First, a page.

Different paths, same extraordinary results
Learning practical skills through research experiences. Engaging in the arts. Serving as an ambassador with the Career Development Center. Living in the Exploratory Studies Village as a resident mentor. These are just a few of the outstanding opportunities students have explored within the Division of Academic and Student Affairs at NC State University. Our students may belong to the same pack, but their paths to success are as vibrant and varied as the programs and services we offer. NC State senior Michaela Rikard found her path to success through the Office of Undergraduate Research, which provides mentored research experiences to students. As part of a collaboration between the College of Veterinary Medicine and the Biomedical Engineering Department, she is working on a project dedicated to pulmonary fibrosis, specifically looking at how stem cell therapy can be used to regenerate healthy lung tissue. The research is currently in animal models, but her goal is to see it through to human clinical trials.
“The Office of Undergraduate Research supports students in finding these opportunities, pairing them up with mentors, offering grants, and they even hold a symposium every semester that’s specifically for undergraduate students to present their research,” says Rikard. “It’s been a wonderful growth opportunity for me. I’ve had several graduate school interviews over the past couple of months, and it just makes the process so easy because I have all of this research experience I can talk about and connect with at these interviews.”
NC State graduate student John Miller IV found his path to success through Arts NC State, which provides a dynamic offering of dance, design, music, theater, and crafts for students and the surrounding community. After graduating in the spring of 2015 with a degree in psychology, Miller began work on a master’s degree in the Higher Education Administration Program. As an undergraduate, he was a dancer in the Panoramic Dance Project, which gave him the opportunity to take technique classes, work with prominent guest choreographers and teachers, and perform choreography he helped create. His participation embraces one of the key points of Arts NC State – a student doesn’t have to major in the arts to be an artist.
“Not only did it help me grow artistically and academically, it helped me grow professionally.”
John Miller IV
“Engaging in the arts really allowed me to explore the intersection of arts, philosophy, and business. It really helped me critically think in my classes, it expanded my appreciation of art forms, and I was able to improve on my wellness, both physical and mental. It connected me with the community and really increased my sense of belonging,” explains Miller. “Not only did it help me grow artistically and academically, it helped me grow professionally.”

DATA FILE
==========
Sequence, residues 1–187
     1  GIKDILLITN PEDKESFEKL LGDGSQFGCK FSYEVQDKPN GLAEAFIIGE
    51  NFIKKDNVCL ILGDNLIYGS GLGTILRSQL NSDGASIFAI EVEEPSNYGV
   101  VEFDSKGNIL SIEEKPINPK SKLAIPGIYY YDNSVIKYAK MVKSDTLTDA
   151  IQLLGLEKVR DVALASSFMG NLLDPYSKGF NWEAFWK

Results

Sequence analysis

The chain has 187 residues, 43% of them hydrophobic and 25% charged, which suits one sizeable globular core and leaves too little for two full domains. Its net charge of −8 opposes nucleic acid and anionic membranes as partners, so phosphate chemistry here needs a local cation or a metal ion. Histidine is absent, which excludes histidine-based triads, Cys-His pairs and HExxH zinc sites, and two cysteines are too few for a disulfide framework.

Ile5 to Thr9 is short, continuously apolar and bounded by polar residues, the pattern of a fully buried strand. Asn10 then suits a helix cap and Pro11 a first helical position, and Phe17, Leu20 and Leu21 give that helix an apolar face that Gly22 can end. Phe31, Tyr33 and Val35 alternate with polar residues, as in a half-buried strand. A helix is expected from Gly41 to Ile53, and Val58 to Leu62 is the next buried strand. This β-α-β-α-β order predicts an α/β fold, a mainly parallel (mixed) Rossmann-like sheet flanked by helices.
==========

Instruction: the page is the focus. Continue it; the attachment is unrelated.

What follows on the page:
NC State senior Todd Goldfarb found his path to success through the Career Development Center. In addition to providing such resources as ePACK (a system for locating internships and entry-level jobs) and a co-op program, the center employs over 20 students to work as career ambassadors. Goldfarb, who is studying industrial engineering, served for three years as a career ambassador, presenting at such events as residence hall programs and sorority and fraternity programs on topics ranging from resume writing and career fair prep to interviewing skills and center services. He also represented the center at career and information fairs around campus.
“It’s been great. It’s been my family. It’s made the big NC State feel small,” he says when talking about his role within the center. “Not only has the Career Development Center helped me, it’s helped those around me. I’m able to connect with my colleagues and classmates and share the message and the tools and the resources.”
NC State junior Peyton Holmquist found her path to success through Exploratory Studies, a program focused on first-year students who want to explore different majors, and the Exploratory Studies Village, a living and learning community dedicated to first year Exploratory Studies students. She discovered an interest in communication and, after completing the program, she became a resident mentor, an upperclassman who has experienced the program firsthand who lives in the village with the students and acts as a resource.
“This program really allowed me to find my passion and figure out that studying communication is a lot more what I’m interested in,” Holmquist explains. “I think the best way to describe it is a concentrated, intentional community. It shows the balance between student life and also in the classroom.”
These students engaged in programs available at the university, finding what worked for them and exemplifying the idea that student success means different things for different students. It’s amazing to think of the infinite paths to success available to all students at NC State. What’s even more amazing are the sentiments echoed from these students’ stories: “I can talk about and connect…my sense of belonging…it’s been my family…a concentrated, intentional community.” Different paths, different focus, same feelings of connecting and belonging. It does all seem to go back to the pack.